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How interpretive dance got cool

Rampant homophobia stunted turn-of-the-century American culture. Are we finally moving on?

January 3, 2016 2:00AM ET

When I was a kid, everything uncool or different was “gay.” Your shirt or shoes could be gay. So could English class or a movie. Having friends who were girls was gay, as was not having seen “American Pie.” Each day was a new obstacle course in gay stuff you weren’t supposed to say or do or like. “Gay” wasn’t just a substitute for “bad”; it automatically put anything beyond blue for boys pink for girls in the category.

Of all the gay things that existed 15 years ago, the gayest were performance art and interpretive dance. None of us 12-year-olds really knew what those were, but they were weird and confusing and definitely not for regular boys. In movies such as “She’s All That” (1999) and “The Big Lebowski” (1998), performance art was associated with insufficiently feminine women and the presumably queer men who hung around them. Women directing men dancing around in tights stood for everything that was culturally transgressive — in a bad way.

A decade and a half later, interpretive dance and performance art seem to have shed their bad rep. The decidedly mainstream Justin Bieber recently released “Purpose,” a visual album that is full of the kind of art that I never would have been caught dead with in middle school, and in the video for the song “Life Is Worth Living,” dancers Emma Portner and Patrick Cook choreographed and performed a tortured modern dance routine that translates young heartbreak into flexibility and tan leotards. In another video, “Love Yourself,” the real-life couple Keone and Mari Madrid narrate a breakup through interpretive dance in a domestic scene. There’s a notable lack of anxiety in their form of expression; no one in the Bieber fame machine seems too worried about kids thinking his videos are gay. The need to protect heterosexuality no longer defines American pop media; Miley Cyrus has renounced her gender identity in favor of a more fluid, flexible definition.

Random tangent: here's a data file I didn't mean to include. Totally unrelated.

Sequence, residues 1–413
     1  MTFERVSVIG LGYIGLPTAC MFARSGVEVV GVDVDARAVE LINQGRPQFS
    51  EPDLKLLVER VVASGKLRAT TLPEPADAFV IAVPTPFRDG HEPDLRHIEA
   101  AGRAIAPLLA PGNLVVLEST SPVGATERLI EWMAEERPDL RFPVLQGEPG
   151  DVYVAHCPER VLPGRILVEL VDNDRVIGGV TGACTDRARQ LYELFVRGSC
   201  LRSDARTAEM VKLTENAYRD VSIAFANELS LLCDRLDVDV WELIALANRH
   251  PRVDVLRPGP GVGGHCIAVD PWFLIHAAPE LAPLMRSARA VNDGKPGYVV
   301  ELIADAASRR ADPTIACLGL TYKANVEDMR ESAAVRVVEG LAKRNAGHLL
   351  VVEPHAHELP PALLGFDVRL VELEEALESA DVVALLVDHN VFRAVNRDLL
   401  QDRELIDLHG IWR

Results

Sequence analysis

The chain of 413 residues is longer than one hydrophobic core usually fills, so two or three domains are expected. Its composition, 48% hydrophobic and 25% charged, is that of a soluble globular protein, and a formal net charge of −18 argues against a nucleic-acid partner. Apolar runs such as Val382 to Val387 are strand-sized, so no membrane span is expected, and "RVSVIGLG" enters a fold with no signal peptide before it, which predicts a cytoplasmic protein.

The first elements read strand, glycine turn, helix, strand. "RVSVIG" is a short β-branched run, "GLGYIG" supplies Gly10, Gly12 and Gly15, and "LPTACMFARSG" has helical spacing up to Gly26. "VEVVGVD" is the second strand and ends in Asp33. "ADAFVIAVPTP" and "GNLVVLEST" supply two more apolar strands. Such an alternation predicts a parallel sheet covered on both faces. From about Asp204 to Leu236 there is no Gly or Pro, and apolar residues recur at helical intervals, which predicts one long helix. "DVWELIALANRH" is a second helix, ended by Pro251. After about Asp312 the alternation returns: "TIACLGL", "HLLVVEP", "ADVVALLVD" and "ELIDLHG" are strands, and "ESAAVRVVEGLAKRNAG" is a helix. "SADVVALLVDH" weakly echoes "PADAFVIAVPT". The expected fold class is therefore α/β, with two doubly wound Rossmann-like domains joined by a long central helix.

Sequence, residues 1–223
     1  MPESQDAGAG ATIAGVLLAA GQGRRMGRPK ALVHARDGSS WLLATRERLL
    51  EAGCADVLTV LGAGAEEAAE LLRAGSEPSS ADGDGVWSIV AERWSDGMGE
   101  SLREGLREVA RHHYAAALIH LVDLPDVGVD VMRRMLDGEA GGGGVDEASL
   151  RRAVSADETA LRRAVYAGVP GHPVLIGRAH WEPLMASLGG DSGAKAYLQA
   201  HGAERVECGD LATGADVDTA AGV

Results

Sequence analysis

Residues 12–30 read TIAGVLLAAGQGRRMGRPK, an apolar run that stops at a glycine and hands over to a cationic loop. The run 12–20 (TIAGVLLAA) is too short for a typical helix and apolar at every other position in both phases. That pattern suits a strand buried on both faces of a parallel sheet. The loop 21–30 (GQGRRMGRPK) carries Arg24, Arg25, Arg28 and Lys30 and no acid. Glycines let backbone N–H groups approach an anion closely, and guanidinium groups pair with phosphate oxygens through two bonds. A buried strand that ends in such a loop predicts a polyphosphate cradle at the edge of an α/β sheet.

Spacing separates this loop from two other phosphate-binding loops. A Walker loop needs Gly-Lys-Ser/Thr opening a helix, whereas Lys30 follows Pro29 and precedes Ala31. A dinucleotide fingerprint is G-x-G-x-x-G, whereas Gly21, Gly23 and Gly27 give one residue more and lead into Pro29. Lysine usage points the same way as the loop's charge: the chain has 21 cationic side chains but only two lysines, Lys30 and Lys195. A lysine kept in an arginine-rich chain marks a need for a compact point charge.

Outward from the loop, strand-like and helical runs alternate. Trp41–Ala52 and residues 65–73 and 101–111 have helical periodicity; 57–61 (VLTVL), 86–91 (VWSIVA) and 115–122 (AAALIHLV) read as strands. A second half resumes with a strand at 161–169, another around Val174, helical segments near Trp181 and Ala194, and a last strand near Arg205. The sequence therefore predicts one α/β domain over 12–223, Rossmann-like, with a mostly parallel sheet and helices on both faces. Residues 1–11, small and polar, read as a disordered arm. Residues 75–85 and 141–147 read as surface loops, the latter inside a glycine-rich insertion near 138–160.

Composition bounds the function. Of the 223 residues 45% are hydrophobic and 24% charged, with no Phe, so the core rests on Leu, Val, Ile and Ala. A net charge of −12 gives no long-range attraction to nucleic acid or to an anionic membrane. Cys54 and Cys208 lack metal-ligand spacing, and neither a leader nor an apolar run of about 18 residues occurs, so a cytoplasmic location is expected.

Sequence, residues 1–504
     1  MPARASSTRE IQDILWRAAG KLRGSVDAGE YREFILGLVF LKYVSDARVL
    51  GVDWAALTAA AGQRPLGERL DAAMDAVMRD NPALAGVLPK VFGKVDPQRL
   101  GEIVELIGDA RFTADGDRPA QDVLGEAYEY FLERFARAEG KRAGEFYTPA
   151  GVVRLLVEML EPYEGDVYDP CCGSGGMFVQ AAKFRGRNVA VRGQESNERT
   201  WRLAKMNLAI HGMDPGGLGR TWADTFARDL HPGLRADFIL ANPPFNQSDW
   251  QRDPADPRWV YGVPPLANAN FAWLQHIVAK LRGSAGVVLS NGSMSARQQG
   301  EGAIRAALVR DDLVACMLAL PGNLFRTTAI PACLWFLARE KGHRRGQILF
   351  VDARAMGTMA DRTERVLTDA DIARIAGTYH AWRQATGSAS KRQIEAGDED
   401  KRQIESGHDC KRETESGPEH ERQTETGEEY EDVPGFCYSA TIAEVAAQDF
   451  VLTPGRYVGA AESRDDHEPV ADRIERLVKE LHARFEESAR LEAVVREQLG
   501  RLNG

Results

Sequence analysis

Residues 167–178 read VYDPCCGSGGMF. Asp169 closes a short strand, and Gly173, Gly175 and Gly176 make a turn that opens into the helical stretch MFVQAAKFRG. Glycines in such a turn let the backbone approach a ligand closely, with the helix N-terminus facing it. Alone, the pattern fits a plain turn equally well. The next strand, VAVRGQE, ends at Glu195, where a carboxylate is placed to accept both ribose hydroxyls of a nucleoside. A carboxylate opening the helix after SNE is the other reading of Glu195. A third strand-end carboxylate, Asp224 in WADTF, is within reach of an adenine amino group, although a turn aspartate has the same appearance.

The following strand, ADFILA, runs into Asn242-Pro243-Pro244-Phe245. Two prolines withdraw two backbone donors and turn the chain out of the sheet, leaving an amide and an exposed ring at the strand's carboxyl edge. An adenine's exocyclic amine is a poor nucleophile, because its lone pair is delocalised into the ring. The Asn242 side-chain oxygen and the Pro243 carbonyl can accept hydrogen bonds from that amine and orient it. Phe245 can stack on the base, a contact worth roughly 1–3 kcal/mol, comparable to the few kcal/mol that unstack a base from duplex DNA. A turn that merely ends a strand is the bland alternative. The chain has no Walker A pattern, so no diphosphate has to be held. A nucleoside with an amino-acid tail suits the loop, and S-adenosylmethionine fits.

Meanwhile, attitudes about queer people in America have evolved significantly over the past decade. A 2013 Pew survey of LGBT adults found 92 percent of respondents said society is more accepting than 10 years ago. Eighty-seven percent of Americans now report personally knowing a gay or lesbian person, up 26 points since 1993. The media usually frame LGBT Americans as the main beneficiaries of this liberalization, but we shouldn’t skip over how the erosion of strict heterosexuality has improved national culture for everyone.

In retrospect, homophobia seems like a — if not the — central structuring principle of Y2K straight boy culture. In the 1999 film “Fight Club,” straights reclaim cruising from the gays by having strange men find each other, gather in secret, take off their shirts and punch each other in the face. Pop-punk bands such as Blink-182 and Sum 41 sold the idea that every other kind of guy — athletes, the Backstreet Boys, whoever — were all gay. It’s virtually impossible to go back and watch a teen movie from the late 1990s or early 2000s without running into extraneous homophobia. Media studies professor Tijana Mamula compiled nearly an hour of gay jokes from “Friends.”